Beinisch drops a bombshell
The bombshell dropped by the High Court of Justice yesterday is hidden in one of the ruling's final pages. Supreme Court President Dorit Beinisch wrote that so far, no American, British or New Zealand court has had to rule on whether privatizing prisons is unconstitutional. But many experts, she noted, have argued that if this question did arise in Europe, it would be rejected out of hand as contrary to the European Convention on Human Rights.
Thus four years after the petition was filed and about a year after the concessionaire finished building the first private prison - where 2,000 prisoners were slated to be sent - Israel's High Court has effected a revolution: It ruled in firm, unequivocal language that the problem is not the nature of the prison or the concessionaire. Rather, it said, the very principle of privatizing prisons is unconstitutional.
The High Court stressed that it was not intervening in the relations between the state and the concessionaire, who hastened to demand massive compensation. Instead, it addressed other aspects of the issue.
This ruling will not only be studied in Israel, it will also doubtless generate a conceptual revolution worldwide. And Beinisch was clearly aware of this. The ruling rests on the political and moral thought of the great philosophers who discussed the modern state and its administration, as well as on the sharp, clear statements Prof. Aharon Barak used in establishing the basis for his constitutional legislation.
The "social welfare" lobby will probably laud the court as moral and humane, and perhaps even socialist. That would be a mistake. Beinisch cites Thomas Hobbes and John Locke, and accompanies every one of her arguments with citations from Barak, who stressed that human rights must not be left in the hands of any legislator.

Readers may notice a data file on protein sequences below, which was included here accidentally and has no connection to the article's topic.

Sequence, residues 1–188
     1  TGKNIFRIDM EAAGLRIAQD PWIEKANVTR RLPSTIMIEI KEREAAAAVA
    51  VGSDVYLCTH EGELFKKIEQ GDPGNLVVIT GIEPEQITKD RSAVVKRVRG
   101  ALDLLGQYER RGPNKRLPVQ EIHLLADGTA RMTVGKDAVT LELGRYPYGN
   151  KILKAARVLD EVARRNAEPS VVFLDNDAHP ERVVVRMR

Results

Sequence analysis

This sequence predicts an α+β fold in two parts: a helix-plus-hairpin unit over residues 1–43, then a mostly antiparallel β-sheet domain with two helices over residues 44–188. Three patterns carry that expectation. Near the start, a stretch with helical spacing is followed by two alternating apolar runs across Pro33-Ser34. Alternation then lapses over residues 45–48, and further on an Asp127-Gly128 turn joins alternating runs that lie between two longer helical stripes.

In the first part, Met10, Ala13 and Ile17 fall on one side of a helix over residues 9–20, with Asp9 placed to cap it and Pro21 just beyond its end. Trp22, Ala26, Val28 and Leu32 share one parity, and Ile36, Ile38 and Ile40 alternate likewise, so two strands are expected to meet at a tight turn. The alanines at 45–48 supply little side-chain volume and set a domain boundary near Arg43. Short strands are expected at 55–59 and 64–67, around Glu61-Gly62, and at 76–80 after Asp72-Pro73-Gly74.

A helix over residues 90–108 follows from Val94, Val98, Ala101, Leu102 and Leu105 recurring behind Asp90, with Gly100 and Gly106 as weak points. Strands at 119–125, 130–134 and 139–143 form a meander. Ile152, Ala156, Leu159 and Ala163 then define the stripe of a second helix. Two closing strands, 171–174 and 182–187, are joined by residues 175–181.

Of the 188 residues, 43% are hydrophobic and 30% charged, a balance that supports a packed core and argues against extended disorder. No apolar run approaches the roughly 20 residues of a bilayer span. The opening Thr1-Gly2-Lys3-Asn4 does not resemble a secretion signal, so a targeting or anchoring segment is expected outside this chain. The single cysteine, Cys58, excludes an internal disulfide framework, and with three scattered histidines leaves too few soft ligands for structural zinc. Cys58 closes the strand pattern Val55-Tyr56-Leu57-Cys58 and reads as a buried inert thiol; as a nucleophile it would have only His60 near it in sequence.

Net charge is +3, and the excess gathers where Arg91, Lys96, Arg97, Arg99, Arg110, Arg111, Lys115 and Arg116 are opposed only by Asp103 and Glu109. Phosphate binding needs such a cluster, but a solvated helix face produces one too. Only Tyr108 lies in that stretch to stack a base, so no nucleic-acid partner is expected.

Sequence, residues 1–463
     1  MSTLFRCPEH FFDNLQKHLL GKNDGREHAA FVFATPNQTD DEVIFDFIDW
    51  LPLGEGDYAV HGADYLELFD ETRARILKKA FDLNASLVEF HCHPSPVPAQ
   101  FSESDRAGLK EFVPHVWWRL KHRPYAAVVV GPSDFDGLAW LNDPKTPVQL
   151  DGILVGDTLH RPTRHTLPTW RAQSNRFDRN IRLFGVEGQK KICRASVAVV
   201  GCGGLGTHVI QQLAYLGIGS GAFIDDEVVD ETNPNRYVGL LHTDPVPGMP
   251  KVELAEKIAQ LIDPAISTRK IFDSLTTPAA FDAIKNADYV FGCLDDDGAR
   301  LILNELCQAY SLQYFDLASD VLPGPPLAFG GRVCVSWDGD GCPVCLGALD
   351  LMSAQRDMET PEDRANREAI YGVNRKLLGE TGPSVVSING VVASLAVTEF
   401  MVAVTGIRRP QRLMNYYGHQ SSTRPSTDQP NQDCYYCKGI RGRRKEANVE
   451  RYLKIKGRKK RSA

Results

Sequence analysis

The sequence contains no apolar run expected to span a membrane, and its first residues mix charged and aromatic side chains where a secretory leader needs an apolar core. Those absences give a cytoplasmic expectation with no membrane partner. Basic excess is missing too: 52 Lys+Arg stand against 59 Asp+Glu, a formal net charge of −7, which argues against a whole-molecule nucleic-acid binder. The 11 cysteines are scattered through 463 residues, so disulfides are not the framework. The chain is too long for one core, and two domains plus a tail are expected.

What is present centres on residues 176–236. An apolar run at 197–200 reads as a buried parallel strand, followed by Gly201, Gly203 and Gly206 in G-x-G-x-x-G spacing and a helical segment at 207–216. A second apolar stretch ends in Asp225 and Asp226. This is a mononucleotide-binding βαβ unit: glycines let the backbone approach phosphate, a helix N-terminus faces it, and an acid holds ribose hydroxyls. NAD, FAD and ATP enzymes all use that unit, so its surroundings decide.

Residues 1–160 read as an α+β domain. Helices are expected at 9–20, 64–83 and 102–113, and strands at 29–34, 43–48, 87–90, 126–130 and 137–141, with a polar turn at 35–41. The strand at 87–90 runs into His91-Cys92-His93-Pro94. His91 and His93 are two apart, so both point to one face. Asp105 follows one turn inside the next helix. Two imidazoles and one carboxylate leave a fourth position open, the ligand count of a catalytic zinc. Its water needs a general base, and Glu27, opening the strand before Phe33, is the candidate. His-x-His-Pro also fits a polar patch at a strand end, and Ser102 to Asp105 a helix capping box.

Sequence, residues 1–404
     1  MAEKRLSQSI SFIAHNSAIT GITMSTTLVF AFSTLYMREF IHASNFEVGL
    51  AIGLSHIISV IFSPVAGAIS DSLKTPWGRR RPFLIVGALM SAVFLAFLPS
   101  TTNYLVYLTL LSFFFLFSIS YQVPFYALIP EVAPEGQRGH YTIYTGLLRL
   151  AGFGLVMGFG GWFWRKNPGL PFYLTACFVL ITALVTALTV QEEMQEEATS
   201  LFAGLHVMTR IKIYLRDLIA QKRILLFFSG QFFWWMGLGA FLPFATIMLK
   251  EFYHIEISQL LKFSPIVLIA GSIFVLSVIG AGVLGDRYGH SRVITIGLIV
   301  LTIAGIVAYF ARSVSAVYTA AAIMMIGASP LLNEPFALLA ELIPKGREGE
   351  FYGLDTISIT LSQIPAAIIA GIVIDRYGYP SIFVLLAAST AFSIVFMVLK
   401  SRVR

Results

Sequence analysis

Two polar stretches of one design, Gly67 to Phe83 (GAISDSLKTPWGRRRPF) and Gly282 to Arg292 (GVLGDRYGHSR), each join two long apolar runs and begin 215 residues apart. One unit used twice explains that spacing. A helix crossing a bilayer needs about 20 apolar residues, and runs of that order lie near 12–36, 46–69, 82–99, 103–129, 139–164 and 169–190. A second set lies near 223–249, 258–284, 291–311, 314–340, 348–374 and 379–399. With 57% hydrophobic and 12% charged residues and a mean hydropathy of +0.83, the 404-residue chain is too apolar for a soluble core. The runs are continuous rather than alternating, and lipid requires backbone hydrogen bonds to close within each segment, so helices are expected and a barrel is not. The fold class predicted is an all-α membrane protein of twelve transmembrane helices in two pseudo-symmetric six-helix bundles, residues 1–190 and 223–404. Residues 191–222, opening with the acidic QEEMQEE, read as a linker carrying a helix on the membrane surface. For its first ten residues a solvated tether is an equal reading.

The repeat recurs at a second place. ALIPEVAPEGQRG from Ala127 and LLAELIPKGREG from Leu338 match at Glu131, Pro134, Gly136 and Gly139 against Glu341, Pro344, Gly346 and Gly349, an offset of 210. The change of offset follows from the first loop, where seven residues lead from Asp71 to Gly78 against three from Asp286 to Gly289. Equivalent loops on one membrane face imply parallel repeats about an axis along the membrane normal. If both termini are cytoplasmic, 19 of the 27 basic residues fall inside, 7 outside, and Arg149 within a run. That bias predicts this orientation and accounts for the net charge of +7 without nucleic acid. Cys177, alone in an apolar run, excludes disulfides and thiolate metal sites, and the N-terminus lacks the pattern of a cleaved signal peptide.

In fact, Beinisch's ruling is based on unequivocally liberal principles: She said that privatizing prisons violates the hard core of personal liberty.
The petitioners sought to force the court to discuss the limits of sovereignty; they wanted an answer based on the values of the state and society. The court replied that the state, through its officials, must uphold human rights, and that only the state may infringe on these rights, to a limited extent, to maintain order.
So where is the revolution? In its implications. Israel, caught up in the whirlwind of American privatization when the Western world has taken a step back, has no constitution apart from the Basic Laws the previous Supreme Court president managed to push through at the last moment. But from here, the word will spread: Privatizing the state's sovereignty and transferring its powers to interested parties may be profitable, but it is not constitutional.
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